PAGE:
1911 Pierce-Arrow Model 36
The Pierce automobiles were very durable and popular with many professionals including physicians who needed reliable transportation. When Pierce began production they used a French-built De Dion-Bouton engine and later switched to a design of their own making.
In 1909 the company changed its name to Pierce-Arrow, following the success of the Great Arrow models which had been produced from 1904 through 1908. The high-quality luxury cars continued and were purchased by those who had wealth and style.
By 1912 there were three six-cylinder models offered. The entry Model 36 Runabout was powered by a 36-horsepower engine and had an extra 'mother-in-law' seat, also known as a 'dickey'. The second option was the 48-horsepower engine while the top of the line engine was the 66-horsepower option.
There were 1,453 vehicle produced in 1912 by Pierce-Arrow. Its tail lamps and hexagon-shaped side were courtesy of Robert H. Dawley. Dawley had been working with Pierce-Arrow for a number of years and was responsible for many of its exquisite and prominent features.
The average salary in 1912 was nearly $600. With the Model 36 costing nearly $4000, these vehicles were for select clientele.By Daniel Vaughan | Aug 2006
Pierce Arrow actually evolved from a manufacturing firm that originally made birdcages. The predecessor company - Heintz, Pierce, and Munschauer - was founded in 1865 in Buffalo, New York. In 1872, the company was re-organized and partner George N. Pierce bought controlling interest, and by 1896 it became one of the largest producers of bicycles in America.
The company soon became interested in the automobile manufacturing and built its first prototype - a steam powered automobile - in 1900. After doing further research, the company decided to use a gasoline engine and built two gasoline powered automobiles in 1901. The first automobiles were simply called Pierce and were small one-cylinder vehicles.
The first Pierce to use the Arrow name as its model designation appeared in 1903. By 1907, the company was producing a wide variety of four- and six-cylinder vehicles and was becoming known as one of the leading manufacturers of luxury automobiles in America.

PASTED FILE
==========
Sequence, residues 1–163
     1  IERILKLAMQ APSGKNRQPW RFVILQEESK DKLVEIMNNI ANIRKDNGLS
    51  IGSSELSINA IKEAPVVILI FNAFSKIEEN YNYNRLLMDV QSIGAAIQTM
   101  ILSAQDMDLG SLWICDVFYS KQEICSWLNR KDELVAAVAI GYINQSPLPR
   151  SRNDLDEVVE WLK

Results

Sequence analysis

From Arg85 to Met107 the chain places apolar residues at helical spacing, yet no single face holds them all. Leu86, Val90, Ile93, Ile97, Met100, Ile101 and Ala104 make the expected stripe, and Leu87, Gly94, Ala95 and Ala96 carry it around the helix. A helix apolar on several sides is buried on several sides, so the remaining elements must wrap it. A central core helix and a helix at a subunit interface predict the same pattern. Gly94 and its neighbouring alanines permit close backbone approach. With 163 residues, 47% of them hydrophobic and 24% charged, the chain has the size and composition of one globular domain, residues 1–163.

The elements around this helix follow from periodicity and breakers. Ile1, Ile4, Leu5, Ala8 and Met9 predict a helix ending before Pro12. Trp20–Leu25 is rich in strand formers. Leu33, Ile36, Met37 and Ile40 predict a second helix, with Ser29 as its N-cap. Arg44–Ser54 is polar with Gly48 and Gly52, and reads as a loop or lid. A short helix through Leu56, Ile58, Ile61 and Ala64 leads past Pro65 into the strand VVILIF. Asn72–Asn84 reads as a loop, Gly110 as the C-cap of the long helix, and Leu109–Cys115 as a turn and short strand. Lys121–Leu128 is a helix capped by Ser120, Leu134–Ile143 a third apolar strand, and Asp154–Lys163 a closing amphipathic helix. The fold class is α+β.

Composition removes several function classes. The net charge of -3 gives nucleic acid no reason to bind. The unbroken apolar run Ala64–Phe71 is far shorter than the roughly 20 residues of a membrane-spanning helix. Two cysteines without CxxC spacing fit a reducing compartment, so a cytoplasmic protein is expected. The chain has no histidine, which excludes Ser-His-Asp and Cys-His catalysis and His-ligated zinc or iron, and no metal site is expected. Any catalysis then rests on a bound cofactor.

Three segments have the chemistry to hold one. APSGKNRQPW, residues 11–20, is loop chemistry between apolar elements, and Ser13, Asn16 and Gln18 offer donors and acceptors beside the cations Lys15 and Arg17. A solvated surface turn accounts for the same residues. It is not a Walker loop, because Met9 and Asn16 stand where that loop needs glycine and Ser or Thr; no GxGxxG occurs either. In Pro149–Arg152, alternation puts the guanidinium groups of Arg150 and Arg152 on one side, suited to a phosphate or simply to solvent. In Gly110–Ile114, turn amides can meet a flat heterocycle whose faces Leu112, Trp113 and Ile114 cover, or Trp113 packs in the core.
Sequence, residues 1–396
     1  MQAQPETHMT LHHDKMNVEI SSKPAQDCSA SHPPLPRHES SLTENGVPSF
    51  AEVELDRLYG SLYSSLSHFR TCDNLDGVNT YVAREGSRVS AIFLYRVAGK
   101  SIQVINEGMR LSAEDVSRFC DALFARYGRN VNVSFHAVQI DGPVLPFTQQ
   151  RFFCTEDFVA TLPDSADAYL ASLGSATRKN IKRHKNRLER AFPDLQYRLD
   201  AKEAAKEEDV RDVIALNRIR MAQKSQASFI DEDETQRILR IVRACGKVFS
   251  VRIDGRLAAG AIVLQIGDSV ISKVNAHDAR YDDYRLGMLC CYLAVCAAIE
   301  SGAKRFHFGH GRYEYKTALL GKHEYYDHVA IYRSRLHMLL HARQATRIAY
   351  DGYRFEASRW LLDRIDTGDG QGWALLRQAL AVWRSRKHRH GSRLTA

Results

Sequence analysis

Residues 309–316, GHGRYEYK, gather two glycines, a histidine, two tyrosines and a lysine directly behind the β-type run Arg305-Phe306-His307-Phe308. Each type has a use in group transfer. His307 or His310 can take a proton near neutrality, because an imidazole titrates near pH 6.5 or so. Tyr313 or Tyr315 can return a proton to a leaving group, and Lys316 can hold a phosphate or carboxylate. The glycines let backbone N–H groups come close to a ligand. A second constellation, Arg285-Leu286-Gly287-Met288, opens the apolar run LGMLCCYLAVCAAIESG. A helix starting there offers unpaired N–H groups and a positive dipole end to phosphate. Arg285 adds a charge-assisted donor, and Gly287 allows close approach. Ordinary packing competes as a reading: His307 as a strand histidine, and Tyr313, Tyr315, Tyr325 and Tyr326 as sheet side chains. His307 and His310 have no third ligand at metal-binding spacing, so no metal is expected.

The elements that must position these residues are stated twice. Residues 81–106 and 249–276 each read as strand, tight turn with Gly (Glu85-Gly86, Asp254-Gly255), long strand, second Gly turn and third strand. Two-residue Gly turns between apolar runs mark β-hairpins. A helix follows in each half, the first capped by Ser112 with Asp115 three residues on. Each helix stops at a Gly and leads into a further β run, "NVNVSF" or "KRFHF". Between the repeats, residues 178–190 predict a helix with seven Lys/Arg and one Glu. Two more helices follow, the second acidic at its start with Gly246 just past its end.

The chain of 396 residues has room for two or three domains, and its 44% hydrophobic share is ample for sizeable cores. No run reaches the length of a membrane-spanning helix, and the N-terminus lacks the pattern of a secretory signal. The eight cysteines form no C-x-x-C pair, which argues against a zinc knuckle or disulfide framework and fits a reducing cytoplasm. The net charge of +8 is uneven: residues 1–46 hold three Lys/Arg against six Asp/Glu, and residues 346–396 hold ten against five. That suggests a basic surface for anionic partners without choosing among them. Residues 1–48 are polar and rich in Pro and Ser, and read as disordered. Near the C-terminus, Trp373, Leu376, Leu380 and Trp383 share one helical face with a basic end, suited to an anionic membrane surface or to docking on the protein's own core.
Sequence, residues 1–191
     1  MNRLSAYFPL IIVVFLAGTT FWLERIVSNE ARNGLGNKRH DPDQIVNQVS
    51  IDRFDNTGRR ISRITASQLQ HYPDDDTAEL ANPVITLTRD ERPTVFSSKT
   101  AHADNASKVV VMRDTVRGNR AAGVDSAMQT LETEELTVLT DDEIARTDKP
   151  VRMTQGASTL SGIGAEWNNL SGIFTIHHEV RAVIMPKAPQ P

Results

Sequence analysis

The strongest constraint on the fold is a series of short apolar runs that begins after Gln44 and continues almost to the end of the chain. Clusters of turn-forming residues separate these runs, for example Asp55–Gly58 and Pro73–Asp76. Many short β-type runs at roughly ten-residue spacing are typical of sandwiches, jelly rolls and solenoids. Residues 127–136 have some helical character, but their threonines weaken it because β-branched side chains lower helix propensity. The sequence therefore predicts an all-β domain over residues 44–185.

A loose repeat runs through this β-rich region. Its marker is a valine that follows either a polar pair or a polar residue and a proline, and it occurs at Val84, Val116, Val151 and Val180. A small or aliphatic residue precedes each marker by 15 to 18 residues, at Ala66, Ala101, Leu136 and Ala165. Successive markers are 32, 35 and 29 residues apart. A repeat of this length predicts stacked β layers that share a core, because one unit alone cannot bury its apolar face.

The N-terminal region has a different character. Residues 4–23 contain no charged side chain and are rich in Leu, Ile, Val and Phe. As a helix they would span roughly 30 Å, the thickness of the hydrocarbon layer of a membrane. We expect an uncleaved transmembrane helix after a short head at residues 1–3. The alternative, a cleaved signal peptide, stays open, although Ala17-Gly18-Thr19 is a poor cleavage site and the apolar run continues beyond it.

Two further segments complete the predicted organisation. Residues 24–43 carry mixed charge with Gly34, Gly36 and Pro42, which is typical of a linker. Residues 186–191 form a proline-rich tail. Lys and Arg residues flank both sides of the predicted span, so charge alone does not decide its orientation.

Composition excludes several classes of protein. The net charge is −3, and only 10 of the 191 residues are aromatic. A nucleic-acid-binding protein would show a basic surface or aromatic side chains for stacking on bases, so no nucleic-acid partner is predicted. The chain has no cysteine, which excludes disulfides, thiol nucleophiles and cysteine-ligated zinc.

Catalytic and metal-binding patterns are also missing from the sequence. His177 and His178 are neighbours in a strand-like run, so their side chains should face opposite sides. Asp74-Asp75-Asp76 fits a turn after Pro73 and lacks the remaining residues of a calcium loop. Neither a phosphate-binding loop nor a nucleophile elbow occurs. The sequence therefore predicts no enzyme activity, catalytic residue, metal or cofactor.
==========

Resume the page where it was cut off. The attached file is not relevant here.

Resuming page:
In 1911, the Pierce Arrow Company offered three models - a Model 36, a Model 48 and a Model 66. This example is the Model 36, powered by a six-cylinder, 36 horsepower engine. It features cast aluminum fenders, body panels, crankcase and transmission case. The transmission offers four gears. Original sale price was $4,000. Known as the Miniature Tonneau because it was smaller than the standard touring car, it was one of the five body styles offered.
This car was discovered behind a barn in Kansas were it had been used as a tractor. Pierce-Arrow also produced trucks and other automobile frames were converted to railroad engines and fire engine chassis later in their lives. This was a true testament to the durability of the frame and engine.
President Taft became the first United States President to own an automobile. He ordered two Pierce-Arrows for the White House, a brougham and a landaulette. He also ordered a Baker Electric and a White Steamer. Presidents continued to order Pierce-Arrows until the company went out of business. Several Presidents would go on to purchase their official cars when they left office. A sadder connection to the presidency related to the location of the Pierce-Arrow factory in Buffalo, New York. The site had previously been the location of the 1901 Pan American Exposition, where President McKinley was assassinated.
The Pierce-Arrow automobile was a status symbol owned by many Hollywood stars, corporate tycoons and royalty. In 1909, U.S. President William Howard Taft ordered two Pierce-Arrows to be used for stat occasions; these were the first official automobiles of the White House. By 1911, the Pierce-Arrow car company offered three models: a Model 36, a Model 48 and a Model 66. This example is the Model 36, and it is powered by a six-cylinder, 36 horsepower engine. The body style, one of five styles then offered, was known as the Miniature Tonneau because it was smaller than the standard touring model. This car has been owned by the same family since 1946.
Pierce-Arrow was a leading luxury car throughout its existence, competing head-on with Packard. The company started in 1878 as the George N. Pierce Co., making bicycles. Its first car, introduced in 1901, was a small, 1-cylinder carriage. The cars became progressively larger and more powerful. The Arrow was introduced in 1903 and the Great Arrow in 1904. The Great Arrow was among the largest and most expensive cars at the time, selling for $4,000 - equivalent to $100,000 today. It was also a good performer and reliable, winning the first five Glidden Tours from 1905 through 1909.
In 1908 the company's name was changed to Pierce-Arrow; by 1910 three distinct models were made, the 36, 48 and 66. This 1911 model 36 is the smallest, the most nimble and easiest to drive of the three. It was restored in the 1980s and was owned by noted Pierce-Arrow expert Dr. Leo Parnagian for 23 years.
Pierce-Arrow continued to make fine luxury cars until 1938. Studebaker purchased the company in 1928 which gave it more financial support, but it suffered from declining sales as did all expensive cars of the era due to the Great Depression. New models were introduced in 1936, but these were not enough to save the company and it declared bankruptcy.